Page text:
002_RFW6e_The_Writing_Process_(pages_2-57)

002_RFW6e_The_Writing_Process_(pages_2-57) -...

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The Writing Process 1. Generating ideas and planning 2 2. Drafting 20 3. Making global revisions; revising sentences 27 4. Writing paragraphs 40
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Writing is not a matter of recording already developed thoughts but a process of Fguring out what you think. Since it’s not pos- sible to think about everything all at once, most experienced writers handle a piece of writing in stages. You will generally move from planning to drafting to revising, but be prepared to return to earlier stages as your ideas develop. 1 Generate ideas and sketch a plan. Before attempting a Frst draft, spend some time generating ideas. Mull over your subject while listening to music or driving to work, jot down inspirations, and explore your insights with anyone willing to listen. Ask yourself questions: What do you Fnd puzzling, striking, or interesting about your subject? What would you like to know more about? At this stage, you should be collecting information and experimenting with ways of fo- cusing and organizing it to reach your readers. 1a Assess the writing situation. Begin by taking a look at the writing situation in which you Fnd yourself. The key elements of the writing situation include your subject, the sources of information available to you, your pur- pose, your audience, and constraints such as length, document design, review sessions, and deadlines. It is likely that you will make Fnal decisions about all of these matters later in the writing process—after a Frst draft, for example. Nevertheless, you can save yourself time by thinking about as many of them as possible in advance. ±or a quick checklist, see the chart on page 3. 2 The Writing Process plan 1 ACADEMIC ENGLISH What counts as good writing varies from culture to culture and even among groups within cultures. In some situations, you will need to become familiar with the writing styles — such as direct or indirect, personal or imper- sonal, plain or embellished—that are valued by the culture or discourse community for which you are writing.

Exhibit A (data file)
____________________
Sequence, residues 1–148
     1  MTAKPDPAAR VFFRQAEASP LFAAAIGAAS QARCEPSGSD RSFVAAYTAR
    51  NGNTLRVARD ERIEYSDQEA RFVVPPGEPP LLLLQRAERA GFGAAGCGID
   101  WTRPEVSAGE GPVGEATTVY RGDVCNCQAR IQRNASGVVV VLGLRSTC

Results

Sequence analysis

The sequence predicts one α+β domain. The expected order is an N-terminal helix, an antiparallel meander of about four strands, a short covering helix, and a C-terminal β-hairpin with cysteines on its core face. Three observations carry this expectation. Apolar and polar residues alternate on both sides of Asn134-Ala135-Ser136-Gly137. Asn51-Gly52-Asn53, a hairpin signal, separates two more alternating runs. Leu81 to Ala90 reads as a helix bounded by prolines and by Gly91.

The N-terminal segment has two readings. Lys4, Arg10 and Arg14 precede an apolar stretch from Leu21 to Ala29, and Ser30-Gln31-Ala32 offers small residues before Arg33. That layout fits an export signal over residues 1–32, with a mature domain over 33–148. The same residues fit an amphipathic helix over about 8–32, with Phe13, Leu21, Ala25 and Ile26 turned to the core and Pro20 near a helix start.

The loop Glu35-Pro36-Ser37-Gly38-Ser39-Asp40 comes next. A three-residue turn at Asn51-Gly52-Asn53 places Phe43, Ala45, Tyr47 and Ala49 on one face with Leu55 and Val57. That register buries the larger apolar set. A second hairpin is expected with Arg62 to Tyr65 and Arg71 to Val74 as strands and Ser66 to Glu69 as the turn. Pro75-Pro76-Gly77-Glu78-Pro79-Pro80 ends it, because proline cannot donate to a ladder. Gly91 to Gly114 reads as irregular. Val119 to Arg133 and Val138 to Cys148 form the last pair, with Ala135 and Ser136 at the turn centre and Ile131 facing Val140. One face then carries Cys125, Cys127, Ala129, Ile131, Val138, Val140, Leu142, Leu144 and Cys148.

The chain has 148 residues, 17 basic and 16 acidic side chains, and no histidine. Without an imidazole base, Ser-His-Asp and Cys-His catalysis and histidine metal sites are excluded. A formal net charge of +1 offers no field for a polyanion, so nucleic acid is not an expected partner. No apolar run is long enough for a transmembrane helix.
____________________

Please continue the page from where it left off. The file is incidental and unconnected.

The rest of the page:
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Planning 3 plan 1a Checklist for assessing the writing situation Subject Has the subject (or a range of possible subjects) been given to you, or are you free to choose your own? What interests you about your subject? What questions would you like to explore? Why is your subject worth writing about? How might readers ben- eFt from reading about it? How broadly can you cover the subject? Do you need to narrow it to a more speciFc topic (because of length restrictions, for instance)? Sources of information Where will your information come from: Reading? Personal expe- rience? Observation? Interviews? Questionnaires? What sort of documentation is required? Purpose and audience Why are you writing: To inform readers? To persuade them? To en- tertain them? To call them to action? Some combination of these?
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002_RFW6e_The_Writing_Process_(pages_2-57) -...

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